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Species Furcula occidentalis - Western Furcula - Hodges#7939

7939 Western Furcula - Furcula occidentalis WesternFurcula - Furcula occidentalis Caterpillar - Furcula occidentalis Furcula occidentalis - Western Furcula - Furcula occidentalis A Noctuid Moth - Furcula occidentalis - male 7939 Western Furcula - Furcula occidentalis Western Furcula  - Furcula occidentalis Western Furcula Moth - Furcula occidentalis
Show images of: caterpillars · adults · both
Kingdom Animalia (Animals)
Phylum Arthropoda (Arthropods)
Subphylum Hexapoda (Hexapods)
Class Insecta (Insects)
Order Lepidoptera (Butterflies and Moths)
Superfamily Noctuoidea (Owlet Moths and kin)
Family Notodontidae (Prominent Moths)
Subfamily Cerurinae
Genus Furcula
Species occidentalis (Western Furcula - Hodges#7939)
Hodges Number
Other Common Names
Double-lined Furcula
Willow Kitten
Explanation of Names
OCCIDENTALIS: occidental means western (as opposed to oriental - eastern); generally refers to the western hemisphere
Three other Furcula species in North America are distributed, like occidentalis, from the east coast to the west coast, so there is nothing uniquely western about this species.
wingspan 32-45 mm
forewing pale grayish with dark gray to charcoal median band and dark gray to charcoal patch along costa near apex; PM line triple, fine, continuous across wing presenting 3 distinct 'teeth' in the two most distal PM lines; AM and terminal lines composed of several large black dots; some yellow or orange coloration often present next to AM and PM lines, and sometimes in a band of color across top of thorax
hindwing pale grayish-white with black-dotted terminal line and dark discal spot

Larva: body lime green with continuous dorsal blue-green and brown saddle extending down toward second abdominal proleg; saddle outlined in yellow; rear of second thoracic segment with raised transverse ridge; tails (anal prolegs) have extrusible portion brown with pale subapical band
[adapted from description by David Wagner and Valerie Giles)
Alberta to Newfoundland south to Iowa, Ohio and New Jersey with populations in Colorado and New Mexico. (1)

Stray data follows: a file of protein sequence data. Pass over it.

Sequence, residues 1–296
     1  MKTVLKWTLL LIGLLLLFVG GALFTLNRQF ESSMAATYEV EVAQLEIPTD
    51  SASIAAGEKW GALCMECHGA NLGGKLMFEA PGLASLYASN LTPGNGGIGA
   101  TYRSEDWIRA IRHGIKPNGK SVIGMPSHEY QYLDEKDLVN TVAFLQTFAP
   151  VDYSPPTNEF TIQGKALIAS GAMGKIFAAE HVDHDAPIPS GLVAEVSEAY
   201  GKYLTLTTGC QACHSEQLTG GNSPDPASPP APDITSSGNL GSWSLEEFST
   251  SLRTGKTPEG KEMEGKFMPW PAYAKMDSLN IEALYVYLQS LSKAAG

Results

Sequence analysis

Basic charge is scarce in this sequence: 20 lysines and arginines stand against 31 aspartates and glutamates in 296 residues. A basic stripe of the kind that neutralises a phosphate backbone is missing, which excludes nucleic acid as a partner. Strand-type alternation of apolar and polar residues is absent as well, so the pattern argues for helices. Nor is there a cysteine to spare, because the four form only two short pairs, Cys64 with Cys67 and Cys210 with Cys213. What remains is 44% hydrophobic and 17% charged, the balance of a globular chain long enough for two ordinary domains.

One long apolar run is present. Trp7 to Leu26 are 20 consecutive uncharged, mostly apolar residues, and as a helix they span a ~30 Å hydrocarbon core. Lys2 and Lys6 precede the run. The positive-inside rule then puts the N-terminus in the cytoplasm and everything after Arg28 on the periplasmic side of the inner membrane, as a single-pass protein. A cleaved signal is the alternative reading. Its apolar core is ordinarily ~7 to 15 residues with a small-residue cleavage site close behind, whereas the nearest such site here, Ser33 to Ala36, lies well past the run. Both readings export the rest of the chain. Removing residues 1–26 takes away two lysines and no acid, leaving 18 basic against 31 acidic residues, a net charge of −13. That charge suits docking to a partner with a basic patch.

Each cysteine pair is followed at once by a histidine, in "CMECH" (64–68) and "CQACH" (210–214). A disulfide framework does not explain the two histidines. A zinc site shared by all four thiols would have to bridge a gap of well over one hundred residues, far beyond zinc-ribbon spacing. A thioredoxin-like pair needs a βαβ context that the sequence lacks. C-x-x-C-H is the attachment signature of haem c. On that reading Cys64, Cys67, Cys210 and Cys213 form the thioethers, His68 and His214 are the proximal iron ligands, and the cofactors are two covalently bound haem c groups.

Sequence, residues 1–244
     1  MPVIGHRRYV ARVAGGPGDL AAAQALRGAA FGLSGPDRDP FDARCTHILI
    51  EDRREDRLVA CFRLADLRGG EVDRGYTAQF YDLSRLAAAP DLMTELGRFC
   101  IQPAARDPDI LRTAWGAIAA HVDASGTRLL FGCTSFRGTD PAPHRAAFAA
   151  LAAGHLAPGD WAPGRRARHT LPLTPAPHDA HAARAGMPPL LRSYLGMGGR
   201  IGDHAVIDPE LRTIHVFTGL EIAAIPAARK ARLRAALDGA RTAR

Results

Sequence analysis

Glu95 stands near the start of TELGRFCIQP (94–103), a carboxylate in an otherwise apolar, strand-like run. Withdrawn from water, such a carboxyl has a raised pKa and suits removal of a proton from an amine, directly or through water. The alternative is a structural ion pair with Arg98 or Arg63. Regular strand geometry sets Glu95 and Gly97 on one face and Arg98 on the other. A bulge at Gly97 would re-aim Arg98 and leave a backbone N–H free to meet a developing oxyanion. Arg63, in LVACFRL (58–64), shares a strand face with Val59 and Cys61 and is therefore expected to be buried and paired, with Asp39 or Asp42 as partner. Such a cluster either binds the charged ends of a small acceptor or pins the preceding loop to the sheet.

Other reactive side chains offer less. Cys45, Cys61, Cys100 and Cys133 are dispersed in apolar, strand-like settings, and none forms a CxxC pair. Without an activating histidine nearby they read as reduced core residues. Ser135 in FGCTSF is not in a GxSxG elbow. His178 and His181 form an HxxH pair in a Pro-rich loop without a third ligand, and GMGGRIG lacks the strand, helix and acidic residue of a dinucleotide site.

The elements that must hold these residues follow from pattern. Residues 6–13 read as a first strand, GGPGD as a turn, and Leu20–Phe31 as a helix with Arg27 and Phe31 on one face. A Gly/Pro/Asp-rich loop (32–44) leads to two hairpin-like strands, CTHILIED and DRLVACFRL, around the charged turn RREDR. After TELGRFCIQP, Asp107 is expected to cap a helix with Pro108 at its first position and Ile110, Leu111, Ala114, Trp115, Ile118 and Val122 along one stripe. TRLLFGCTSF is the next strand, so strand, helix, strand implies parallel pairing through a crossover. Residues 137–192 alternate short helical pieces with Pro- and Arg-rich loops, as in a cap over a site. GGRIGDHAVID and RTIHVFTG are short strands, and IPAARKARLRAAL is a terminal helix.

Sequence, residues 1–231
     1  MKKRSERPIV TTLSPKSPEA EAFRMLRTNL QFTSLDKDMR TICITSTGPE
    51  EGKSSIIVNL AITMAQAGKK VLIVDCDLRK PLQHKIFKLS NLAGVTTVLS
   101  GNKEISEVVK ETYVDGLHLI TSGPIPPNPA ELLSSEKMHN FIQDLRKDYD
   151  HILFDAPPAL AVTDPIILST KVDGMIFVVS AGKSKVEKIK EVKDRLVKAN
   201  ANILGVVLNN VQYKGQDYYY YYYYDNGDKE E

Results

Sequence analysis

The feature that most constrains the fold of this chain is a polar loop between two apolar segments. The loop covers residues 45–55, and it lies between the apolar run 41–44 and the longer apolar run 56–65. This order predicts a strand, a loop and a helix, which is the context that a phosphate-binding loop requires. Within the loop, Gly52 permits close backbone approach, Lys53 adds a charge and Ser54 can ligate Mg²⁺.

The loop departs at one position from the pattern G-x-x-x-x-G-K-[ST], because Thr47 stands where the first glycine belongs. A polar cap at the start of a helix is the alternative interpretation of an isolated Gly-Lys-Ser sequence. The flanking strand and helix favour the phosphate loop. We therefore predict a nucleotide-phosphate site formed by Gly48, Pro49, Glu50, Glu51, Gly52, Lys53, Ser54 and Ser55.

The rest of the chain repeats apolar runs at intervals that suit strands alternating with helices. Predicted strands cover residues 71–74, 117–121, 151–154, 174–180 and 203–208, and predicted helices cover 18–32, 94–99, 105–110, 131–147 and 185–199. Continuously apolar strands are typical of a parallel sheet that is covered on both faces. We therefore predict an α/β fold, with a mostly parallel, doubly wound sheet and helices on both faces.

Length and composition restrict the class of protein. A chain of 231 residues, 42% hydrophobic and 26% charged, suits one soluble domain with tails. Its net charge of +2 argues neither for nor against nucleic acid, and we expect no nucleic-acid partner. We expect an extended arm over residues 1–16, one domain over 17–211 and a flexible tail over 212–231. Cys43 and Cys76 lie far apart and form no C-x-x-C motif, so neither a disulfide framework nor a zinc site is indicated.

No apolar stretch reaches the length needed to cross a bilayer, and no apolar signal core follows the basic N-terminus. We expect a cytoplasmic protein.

adults fly from April to August
larvae from June to September
larvae feed mostly on willow, and sometimes poplar
Life Cycle
overwinters as a pupa; one or two generations per year
See Also
Furcula furcula (Clerk, 1759) is found in BC, AB, MT, UT, CO, NM (1)
Light areas of forewing are white in F. borealis and scolopendrina, and pale tan or yellowish in modesta; dark gray areas are lacking in forewing of cinerea; PM line is either not triple or not continuous in other species (compare images of all 5 species)
The southwestern species F. nivea has a mostly white forewing.
Internet References
live adult images plus description, food plants, biology, and flight season (Lynn Scott, Ontario)
live adult images by various photographers, plus common name reference [Double-lined Furcula] (Moth Photographers Group)
habitat, flight season, description, biology, food plants, distribution, and common name reference [Willow Kitten] (U. of Alberta)
pinned adult image (A.W. Thomas, Canadian Forest Service)
pinned adult image of subspecies F. o. gigas (U. of Alberta)
pinned adult image (John Glaser, Maryland)
live larva image plus description, food plants, seasonality, and common name reference [Western Furcula] (David Wagner and Valerie Giles, Caterpillars of Eastern Forests; USGS)
live larva image and common name reference [Western Furcula] (Lacy Hyche, Auburn U., Alabama)
US distribution map (Moths of North America; USGS)
presence in Oregon; list (Oregon State U.)
Works Cited
1.The Moths of America North of Mexico. Fascicle 22.1A
Miller, J.S., D.L. Wagner, P.A. Opler & J.D. Lafontaine. 2018. The Wedge Entomological Research Foundation.